God put me on this earth with one in-born talent. I get to help dogs. I get to do it every day of my life and that talent cares for my wife and children.
But God was smart enough to realize that I could not do so without being helped by dogs.
Please don’t laugh at me when I say that I am a better man for having known this dog for 11 years.
You are on my newsletter list because you’re a dog owner or have been a dog owner.
My hope is that you will be able to feel the same wonderful feelings and gratitude for your best friend that I feel for my dog.
Through my grief there is gratitude. There is love. There is compassion. For me there is something so sacred about the bond we get to create with our dogs and I’m happy to know about it.
I’ll finish now. I’ve been fine today but writing this I’m again bawling like a baby. But I feel a weight lifted being able to tell this story and knowing that a few of you will read it and share a moment of thankfulness for your current and past dogs makes me feel good.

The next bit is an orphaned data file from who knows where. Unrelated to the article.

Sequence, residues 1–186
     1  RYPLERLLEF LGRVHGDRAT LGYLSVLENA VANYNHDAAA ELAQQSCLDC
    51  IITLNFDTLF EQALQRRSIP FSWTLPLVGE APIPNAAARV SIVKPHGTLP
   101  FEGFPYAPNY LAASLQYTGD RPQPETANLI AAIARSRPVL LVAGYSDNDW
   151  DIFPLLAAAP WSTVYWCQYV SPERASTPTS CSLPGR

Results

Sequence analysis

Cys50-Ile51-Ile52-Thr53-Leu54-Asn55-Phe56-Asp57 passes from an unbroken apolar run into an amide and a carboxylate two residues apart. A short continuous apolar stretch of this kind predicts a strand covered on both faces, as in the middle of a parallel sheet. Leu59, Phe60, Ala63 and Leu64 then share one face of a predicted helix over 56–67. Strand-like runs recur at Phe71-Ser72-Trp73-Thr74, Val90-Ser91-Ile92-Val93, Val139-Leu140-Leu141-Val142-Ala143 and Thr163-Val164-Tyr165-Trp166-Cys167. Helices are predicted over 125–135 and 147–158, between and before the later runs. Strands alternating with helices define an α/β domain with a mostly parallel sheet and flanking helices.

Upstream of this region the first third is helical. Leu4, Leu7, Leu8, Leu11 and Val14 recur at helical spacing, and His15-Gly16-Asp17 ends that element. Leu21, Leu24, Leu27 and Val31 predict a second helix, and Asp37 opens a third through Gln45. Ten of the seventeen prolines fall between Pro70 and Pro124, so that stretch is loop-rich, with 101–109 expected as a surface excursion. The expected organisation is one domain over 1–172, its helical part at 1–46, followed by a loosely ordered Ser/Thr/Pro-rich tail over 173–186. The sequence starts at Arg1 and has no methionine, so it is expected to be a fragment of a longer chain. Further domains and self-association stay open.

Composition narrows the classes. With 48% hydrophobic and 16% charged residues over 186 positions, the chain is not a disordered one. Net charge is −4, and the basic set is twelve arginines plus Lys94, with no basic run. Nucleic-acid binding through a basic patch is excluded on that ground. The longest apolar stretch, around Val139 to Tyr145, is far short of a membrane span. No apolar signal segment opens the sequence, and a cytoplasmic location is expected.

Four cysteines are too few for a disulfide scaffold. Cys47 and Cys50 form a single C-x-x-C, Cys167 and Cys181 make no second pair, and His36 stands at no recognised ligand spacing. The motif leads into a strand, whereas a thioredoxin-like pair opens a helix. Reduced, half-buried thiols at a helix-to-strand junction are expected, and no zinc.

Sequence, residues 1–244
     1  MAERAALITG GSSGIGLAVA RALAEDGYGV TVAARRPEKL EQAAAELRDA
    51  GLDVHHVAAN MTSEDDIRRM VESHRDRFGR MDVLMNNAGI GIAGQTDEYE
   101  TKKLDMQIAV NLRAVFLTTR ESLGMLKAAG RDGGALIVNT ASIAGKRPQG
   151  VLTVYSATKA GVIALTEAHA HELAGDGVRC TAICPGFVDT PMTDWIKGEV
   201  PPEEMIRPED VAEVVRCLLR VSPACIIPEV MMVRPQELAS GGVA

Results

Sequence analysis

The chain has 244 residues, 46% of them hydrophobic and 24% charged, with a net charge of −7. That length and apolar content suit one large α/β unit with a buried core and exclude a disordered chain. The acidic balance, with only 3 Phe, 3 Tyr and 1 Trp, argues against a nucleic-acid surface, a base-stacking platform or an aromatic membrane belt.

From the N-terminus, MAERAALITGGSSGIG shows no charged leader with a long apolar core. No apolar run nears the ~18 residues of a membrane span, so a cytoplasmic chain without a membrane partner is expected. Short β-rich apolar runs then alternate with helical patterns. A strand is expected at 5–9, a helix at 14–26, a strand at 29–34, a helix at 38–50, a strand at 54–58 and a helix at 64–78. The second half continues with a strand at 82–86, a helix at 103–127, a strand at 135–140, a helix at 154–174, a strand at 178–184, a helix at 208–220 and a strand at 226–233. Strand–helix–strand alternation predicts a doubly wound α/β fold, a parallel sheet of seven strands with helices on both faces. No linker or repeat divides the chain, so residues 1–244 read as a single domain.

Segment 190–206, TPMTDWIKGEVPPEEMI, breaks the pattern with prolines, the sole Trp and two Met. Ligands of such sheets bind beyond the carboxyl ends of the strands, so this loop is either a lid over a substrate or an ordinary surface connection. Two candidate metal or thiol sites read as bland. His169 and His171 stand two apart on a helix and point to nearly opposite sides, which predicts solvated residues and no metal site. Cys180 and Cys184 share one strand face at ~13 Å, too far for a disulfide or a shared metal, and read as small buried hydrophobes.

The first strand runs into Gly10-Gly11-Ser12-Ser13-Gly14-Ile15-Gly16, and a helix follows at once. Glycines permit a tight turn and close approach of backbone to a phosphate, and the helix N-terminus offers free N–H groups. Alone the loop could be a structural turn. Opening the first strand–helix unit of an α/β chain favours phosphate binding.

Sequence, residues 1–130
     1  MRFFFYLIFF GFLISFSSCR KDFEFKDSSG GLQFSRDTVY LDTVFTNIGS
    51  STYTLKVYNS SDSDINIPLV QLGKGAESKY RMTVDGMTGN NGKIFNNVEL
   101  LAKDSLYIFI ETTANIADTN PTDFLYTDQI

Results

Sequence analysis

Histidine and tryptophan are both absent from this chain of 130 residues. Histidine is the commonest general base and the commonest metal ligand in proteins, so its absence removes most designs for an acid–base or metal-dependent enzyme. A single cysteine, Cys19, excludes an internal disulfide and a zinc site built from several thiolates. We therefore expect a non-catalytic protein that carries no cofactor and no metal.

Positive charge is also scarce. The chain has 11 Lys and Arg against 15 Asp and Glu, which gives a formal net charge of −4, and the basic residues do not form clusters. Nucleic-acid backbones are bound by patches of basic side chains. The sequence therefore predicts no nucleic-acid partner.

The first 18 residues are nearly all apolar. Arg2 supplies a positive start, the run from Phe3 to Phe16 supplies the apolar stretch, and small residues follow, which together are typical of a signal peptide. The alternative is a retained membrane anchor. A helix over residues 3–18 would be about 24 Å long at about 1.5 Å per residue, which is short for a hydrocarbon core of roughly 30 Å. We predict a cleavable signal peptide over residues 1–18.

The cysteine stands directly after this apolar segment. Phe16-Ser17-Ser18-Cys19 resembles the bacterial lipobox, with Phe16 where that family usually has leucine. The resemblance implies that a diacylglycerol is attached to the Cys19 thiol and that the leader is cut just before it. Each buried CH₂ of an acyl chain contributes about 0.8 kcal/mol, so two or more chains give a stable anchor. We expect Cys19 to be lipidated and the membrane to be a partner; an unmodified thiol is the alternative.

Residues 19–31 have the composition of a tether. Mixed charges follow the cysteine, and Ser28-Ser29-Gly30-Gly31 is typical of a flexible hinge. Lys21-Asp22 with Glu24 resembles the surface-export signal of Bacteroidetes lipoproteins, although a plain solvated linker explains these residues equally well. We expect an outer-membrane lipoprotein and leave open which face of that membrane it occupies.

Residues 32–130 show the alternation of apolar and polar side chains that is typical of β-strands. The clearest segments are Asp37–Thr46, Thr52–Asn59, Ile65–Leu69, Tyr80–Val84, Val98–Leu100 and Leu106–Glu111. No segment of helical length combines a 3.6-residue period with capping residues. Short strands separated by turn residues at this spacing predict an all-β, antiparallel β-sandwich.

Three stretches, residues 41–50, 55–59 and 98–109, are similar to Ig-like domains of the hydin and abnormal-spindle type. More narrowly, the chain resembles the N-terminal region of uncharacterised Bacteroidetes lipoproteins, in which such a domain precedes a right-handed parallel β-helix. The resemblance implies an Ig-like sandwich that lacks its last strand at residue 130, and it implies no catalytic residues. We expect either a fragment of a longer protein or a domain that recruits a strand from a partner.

Thanks for indulging me.
Now go give your dog a big kiss.
We were so thankful to all the texts, messages, treats dropped off to our family. Some people don’t get what dogs can be to people. Some people do. I was also especially grateful to artist Christopher Creek who after Rocco’s passing, painted this picture of Rocco. It now hangs over our kitchen table where we can say hi to him every morning.
Last video of Rocco here
Videos of Abby & Rocco and Rocco working below: